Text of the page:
The Office of Student Finance (OSF) manages the entire lifecycle of student finances for all University of Minnesota students. OSF calculates financial aid eligibility and manages the awarding, origination, and disbursement of financial aid as well as billing, accounts receivable, student loan entrance and exit interviews, and loan and account collections. The Office of Student Finance makes sure to maintain compliance with federal, state, and institutional rules and regulations.
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View the 2021-2022 ASR OSF Annual Report.
The fiscal unit monitors and reconciles funding of financial aid programs, processes incoming and outgoing financial aid, and coordinates internal and external audits.
The graduate/professional unit awards and revises financial aid packages for graduate and professional students. Additionally, they provide financial aid counseling to students and staff.
Loan/undergrad services unit
The loan/undergrad services unit provide financial aid counseling to students and parents, and administers federal and state financial aid programs. The unit also performs verification of student records and ensures that federal and state eligibility and satisfactory academic progress criteria are met.
The scholarship unit coordinates scholarships and student athletic financial aid. They also oversees federal and state compliance regarding federal and state regulations, and holds campus-wide informational meetings with scholarship administrators. Learn more about scholarship administrators.
Financial aid implications and why it matters
The Office of Student Finance must be informed of all non-service-related payments, stipends, or gifts a registered student receives. The Office of Student Finance must provide the following information to students because it determines whether a payment or stipend impacts a financial aid package.
The Office of Student Finance and the Tax Office created the University of Minnesota - Cash Equivalents and non-cash awards form for departments to report student information.
The United States Department of Education requirement
The United States Department of Education requires a school’s operations to be administered in a way that ensures all the information the school receives which might affect a student’s Federal Student Aid eligibility is communicated to the financial aid office. In accordance with Volume 2, Chapter 3 of the US Department of Education’s Financial Aid Handbook, the Office of Student Finance at the University of Minnesota is the coordinating office of financial aid, and the Director is the coordinating official.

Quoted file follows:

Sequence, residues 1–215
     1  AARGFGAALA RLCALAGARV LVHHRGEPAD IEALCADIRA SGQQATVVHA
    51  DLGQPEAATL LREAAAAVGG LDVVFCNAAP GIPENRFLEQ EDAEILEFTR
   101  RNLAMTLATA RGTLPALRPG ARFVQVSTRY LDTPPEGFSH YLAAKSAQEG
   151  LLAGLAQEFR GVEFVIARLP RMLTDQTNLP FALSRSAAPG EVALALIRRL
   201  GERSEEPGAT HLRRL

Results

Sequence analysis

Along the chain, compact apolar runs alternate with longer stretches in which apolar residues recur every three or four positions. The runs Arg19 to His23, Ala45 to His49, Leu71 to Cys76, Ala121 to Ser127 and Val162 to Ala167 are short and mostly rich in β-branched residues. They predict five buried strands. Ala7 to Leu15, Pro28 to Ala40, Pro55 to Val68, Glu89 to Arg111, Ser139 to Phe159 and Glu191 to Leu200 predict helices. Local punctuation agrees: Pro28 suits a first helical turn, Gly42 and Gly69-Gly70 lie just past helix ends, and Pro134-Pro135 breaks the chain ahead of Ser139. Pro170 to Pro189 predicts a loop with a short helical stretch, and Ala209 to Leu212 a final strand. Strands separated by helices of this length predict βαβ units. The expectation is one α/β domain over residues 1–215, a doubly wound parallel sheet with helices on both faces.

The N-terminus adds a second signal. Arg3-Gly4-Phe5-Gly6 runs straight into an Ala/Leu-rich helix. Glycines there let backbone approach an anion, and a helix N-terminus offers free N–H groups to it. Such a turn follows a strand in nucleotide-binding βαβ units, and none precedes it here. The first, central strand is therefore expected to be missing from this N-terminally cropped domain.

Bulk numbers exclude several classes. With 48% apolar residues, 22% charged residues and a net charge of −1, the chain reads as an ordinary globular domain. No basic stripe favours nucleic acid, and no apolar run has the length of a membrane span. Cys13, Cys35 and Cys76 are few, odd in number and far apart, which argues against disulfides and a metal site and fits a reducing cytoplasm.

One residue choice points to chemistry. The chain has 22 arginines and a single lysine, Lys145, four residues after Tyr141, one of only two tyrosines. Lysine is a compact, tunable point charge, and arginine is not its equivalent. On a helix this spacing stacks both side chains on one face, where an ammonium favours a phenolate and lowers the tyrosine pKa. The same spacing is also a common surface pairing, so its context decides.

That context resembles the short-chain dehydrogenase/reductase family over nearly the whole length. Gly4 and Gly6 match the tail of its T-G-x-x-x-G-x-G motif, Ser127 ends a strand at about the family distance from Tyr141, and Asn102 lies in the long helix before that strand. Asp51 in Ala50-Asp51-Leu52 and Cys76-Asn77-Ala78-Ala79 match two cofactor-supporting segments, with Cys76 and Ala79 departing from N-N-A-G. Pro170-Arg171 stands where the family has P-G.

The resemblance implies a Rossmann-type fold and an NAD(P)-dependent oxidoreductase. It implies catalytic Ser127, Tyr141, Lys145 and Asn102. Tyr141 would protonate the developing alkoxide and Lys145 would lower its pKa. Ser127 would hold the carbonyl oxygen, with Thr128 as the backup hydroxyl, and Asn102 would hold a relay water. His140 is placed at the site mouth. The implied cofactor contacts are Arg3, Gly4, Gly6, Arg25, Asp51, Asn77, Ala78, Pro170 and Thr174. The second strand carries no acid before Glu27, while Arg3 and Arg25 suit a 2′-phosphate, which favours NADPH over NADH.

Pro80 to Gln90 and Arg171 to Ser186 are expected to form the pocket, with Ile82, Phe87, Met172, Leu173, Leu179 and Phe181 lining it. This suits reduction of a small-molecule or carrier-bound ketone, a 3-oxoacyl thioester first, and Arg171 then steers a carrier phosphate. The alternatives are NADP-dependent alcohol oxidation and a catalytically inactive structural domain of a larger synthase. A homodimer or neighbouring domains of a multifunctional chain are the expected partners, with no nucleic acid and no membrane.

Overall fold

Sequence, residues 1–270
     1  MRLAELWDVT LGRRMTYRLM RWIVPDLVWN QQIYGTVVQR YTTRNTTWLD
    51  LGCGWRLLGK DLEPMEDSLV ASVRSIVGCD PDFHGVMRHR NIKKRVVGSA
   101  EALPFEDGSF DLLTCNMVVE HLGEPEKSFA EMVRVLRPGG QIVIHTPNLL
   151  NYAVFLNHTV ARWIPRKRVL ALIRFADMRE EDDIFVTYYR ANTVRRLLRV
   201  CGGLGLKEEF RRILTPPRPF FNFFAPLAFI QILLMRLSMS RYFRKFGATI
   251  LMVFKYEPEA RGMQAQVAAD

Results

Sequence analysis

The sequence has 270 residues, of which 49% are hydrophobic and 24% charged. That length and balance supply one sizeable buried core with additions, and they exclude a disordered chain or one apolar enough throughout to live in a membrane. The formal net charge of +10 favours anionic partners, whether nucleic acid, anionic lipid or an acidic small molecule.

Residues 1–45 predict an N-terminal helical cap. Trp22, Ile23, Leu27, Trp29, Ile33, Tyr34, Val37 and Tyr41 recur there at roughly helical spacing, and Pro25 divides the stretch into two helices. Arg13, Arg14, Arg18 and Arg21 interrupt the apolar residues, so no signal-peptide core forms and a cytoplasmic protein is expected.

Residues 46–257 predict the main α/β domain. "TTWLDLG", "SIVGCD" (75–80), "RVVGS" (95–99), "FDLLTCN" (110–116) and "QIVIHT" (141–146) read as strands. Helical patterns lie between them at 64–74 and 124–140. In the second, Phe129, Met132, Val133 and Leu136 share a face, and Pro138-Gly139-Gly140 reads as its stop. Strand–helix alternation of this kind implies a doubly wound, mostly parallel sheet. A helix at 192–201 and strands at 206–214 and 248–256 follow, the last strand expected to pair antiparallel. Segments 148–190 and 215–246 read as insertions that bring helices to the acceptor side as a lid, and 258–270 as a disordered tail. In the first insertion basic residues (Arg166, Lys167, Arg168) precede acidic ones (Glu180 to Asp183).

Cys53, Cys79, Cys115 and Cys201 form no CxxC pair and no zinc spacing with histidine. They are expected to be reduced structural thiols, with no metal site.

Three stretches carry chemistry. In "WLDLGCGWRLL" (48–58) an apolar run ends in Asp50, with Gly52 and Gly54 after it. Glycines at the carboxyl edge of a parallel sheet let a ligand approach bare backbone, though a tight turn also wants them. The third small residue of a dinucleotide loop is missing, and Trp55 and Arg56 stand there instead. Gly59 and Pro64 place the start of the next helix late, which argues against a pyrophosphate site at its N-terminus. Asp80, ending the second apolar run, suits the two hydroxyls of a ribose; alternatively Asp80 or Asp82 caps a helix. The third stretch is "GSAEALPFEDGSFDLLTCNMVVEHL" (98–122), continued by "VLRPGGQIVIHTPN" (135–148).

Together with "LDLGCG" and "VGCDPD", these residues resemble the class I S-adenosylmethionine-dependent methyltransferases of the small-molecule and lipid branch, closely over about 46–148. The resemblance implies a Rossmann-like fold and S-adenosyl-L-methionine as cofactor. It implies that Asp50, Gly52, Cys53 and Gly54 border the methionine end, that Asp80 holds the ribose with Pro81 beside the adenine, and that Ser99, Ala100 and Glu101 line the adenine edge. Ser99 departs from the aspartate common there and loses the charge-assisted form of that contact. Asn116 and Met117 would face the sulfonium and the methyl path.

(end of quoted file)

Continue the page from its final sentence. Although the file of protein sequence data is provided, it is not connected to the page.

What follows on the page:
When creating a student’s financial aid package, the Office of Student Finance must include all assistance, such as federal, school, state, and private aid, the student is receiving to ensure that a student’s aid does not exceed their cost of attendance. To properly package and most effectively use the various types of student assistance (federal, school, state, private, etc.), The Office of Student Finance must be aware of all aid received by students attending the school, regardless of the source.
The Higher Education Act of 2008
The Higher Education Act (HEA) of 2008 (the first HEA became law in 1965) defines other financial assistance as any other assistance known to the school. If the assistance was a result of enrollment, but not a result of employment, the school must treat it as a financial aid resource and report it. Reimbursement for expenses is not included as financial assistance. Reimbursement for expenses can only occur if there was a legitimate business reason for the student to incur the expense for which they are being reimbursed, not simply as a form of payment for a prize, stipend for travel related to their education, or undefined “other” reason.
The US Department of Education provides over $380 million in financial aid each year to the University of Minnesota system campuses. Every year, the Office Student Finance receives and completes two types of audits:
- One for the over $1 billion in student tuition, fees, and financial aid handled by the University
- The Uniform Guidance (UG) Compliance Audit for its documentation of policies and procedures
The UG Compliance Audit ensures we have the necessary controls to administer federal and state funds. Failure to meet the requirements of the compliance audit can result in substantial fines as well as the loss of all federal and/or state financial assistance, including sponsored grants, not just financial aid. Part of the compliance audit tests whether or not the Office of Student Finance is able to trace all non-service-related payments, stipends, and gifts made to students.